I’ve worked from home a number of times in the past – but it was never more than 1-2 days at a time. So, it was definitely a shock to the system when I needed to start doing it everyday.
The internet’s inundated with tips from working from home, and the importance of sticking to a routine – but I found what was most useful for me was being open to using new technologies, willing to try whacky ideas to stay connected, and taking a moment to appreciate what we have.
7 : 3 0 A M
I wake up to the familiar soft tunes on my phone, and untangle myself to hit snooze on my work alarm (some things never change). I take a deep breath, and stand up straight for a minute, and slowly waking up as the blood rushes through my body.
Normally it’ll be a mad rush to eat breakfast, but without the need to commute, I take a moment to enjoy the day – and say hi to whatever critter just joined my balcony. Today, it’s a spider on the top left – it spun an incredible web overnight! Hope this keeps the mosquitoes away.
7 : 4 0 A M – 8 : 30 A M
What will I make today – Peanut butter? Oats? Cereal? Bacon and egg? Smoked salmon? Smashed avocado? Eggs and soldiers?
I’m very thankful for this extra time to prepare a solid, hearty breakfast, and a nice hot cup of coffee. I tune into Sorted Foods (a favourite YouTube cooking channel) as I enjoy my breakfast. After that, the usual hygiene routines, and I get ‘dressed’ for work – a comfortable tee, and track pants.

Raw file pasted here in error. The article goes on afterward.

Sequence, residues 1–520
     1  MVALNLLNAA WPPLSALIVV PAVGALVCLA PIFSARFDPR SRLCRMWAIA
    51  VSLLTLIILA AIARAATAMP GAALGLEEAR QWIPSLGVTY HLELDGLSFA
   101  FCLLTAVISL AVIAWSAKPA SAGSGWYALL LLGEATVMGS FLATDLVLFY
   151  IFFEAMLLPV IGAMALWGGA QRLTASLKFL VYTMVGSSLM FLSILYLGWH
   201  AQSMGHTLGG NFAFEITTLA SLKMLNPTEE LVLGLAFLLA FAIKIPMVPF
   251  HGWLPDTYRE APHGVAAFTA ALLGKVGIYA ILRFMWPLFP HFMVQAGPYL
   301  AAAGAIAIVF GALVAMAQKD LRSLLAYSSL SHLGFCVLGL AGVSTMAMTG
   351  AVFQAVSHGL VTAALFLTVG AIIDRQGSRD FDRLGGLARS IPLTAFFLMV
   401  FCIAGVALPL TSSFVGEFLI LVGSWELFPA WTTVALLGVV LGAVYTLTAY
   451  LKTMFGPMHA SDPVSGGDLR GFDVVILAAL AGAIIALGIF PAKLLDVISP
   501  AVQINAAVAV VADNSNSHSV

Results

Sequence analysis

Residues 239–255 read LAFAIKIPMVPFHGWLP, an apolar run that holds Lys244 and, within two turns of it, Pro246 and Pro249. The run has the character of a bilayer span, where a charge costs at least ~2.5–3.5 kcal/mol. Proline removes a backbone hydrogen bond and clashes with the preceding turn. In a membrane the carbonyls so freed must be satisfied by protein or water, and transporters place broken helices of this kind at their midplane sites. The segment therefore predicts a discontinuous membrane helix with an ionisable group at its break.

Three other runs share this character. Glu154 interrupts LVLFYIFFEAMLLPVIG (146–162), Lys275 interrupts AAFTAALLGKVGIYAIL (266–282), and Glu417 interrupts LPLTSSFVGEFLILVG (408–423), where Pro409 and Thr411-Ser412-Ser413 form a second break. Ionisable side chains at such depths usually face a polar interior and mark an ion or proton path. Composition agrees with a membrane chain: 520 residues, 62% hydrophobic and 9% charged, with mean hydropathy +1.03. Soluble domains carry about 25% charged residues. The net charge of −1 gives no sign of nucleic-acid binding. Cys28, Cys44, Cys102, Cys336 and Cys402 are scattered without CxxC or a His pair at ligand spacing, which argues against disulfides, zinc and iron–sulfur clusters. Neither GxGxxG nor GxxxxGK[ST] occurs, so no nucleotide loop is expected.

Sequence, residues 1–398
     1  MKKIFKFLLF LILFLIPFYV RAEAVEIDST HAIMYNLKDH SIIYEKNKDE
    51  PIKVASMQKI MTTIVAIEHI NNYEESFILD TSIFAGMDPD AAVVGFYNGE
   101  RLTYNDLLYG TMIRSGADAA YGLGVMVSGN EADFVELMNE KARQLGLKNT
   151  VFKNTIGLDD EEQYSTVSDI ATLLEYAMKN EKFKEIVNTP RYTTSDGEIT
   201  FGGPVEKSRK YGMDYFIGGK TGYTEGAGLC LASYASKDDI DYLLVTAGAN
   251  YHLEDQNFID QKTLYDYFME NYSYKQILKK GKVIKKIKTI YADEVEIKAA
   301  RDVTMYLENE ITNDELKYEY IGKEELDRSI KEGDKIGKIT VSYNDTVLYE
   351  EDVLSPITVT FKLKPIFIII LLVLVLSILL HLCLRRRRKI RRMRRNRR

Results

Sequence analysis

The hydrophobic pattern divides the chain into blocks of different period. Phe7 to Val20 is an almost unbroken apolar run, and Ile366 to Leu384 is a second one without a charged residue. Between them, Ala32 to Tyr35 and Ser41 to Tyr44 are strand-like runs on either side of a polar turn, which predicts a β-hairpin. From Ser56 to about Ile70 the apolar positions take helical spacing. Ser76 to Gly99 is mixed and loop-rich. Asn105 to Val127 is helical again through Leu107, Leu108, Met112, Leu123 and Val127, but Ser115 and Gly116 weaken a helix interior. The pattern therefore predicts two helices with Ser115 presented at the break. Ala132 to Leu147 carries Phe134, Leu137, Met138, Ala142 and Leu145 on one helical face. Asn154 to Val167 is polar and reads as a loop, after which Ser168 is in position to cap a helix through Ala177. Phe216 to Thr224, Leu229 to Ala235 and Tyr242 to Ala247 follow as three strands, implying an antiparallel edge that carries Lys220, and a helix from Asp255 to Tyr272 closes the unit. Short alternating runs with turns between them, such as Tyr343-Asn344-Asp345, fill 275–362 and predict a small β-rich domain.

8 : 3 0 A M – 1 1 A M
My set-up at home isn’t all that different from work – it’s both a choice (to keep it minimalist), and a necessity (space restrictions as I’m parked on the dining table).
The day starts with me calibrating – reviewing my to-do list and my scheduled meetings for the day – so I clearly understand where I need to be (virtually) and what are my main goals.
Then it’s down to business – fingers on the keyboard, earphones in. I start responding to emails and slack messages, updates to Confluence pages. I found having proper collaboration tools such as these really helps everyone stay on the same page (quite literally for Confluence – their editor functionality allows multiple users to make changes at the same time!).
Throughout the flurry of activity, I’m fortunate enough to have two stand-ups to allow me to connect with my Technology team, and the Marketing team.
We use Zoom to keep us connected, and a fun way to keep banter and conversation is to update our virtual backgrounds. Lately, I’ve been reminiscing previous holidays, and cycling through pictures of houses I’ll love to live in.
1 1 A M – 1 1 : 15 A M
Time for a quick break – a stretch and a snack. I definitely haven’t been getting as many steps as before, and need to be more careful with spending too long in front of a screen without moving.
A brisk walk inside the home, stepping out to see the plants, and a few stretches later – I claim my reward of a light snack. I try to be good – sometimes it’s fruit, and other times it’s chips – whatever it is, it’s sustainable and it is something to look forward to.
Then, importantly I refill my water bottle – it’s a nifty design, with timestamps written on the side so I always know if I’m not drinking enough water. I know water can be a bit boring, so some cold-infusion teas from T2 might be just what you need!
1 1 : 15 A M – 1 2 : 3 0 P M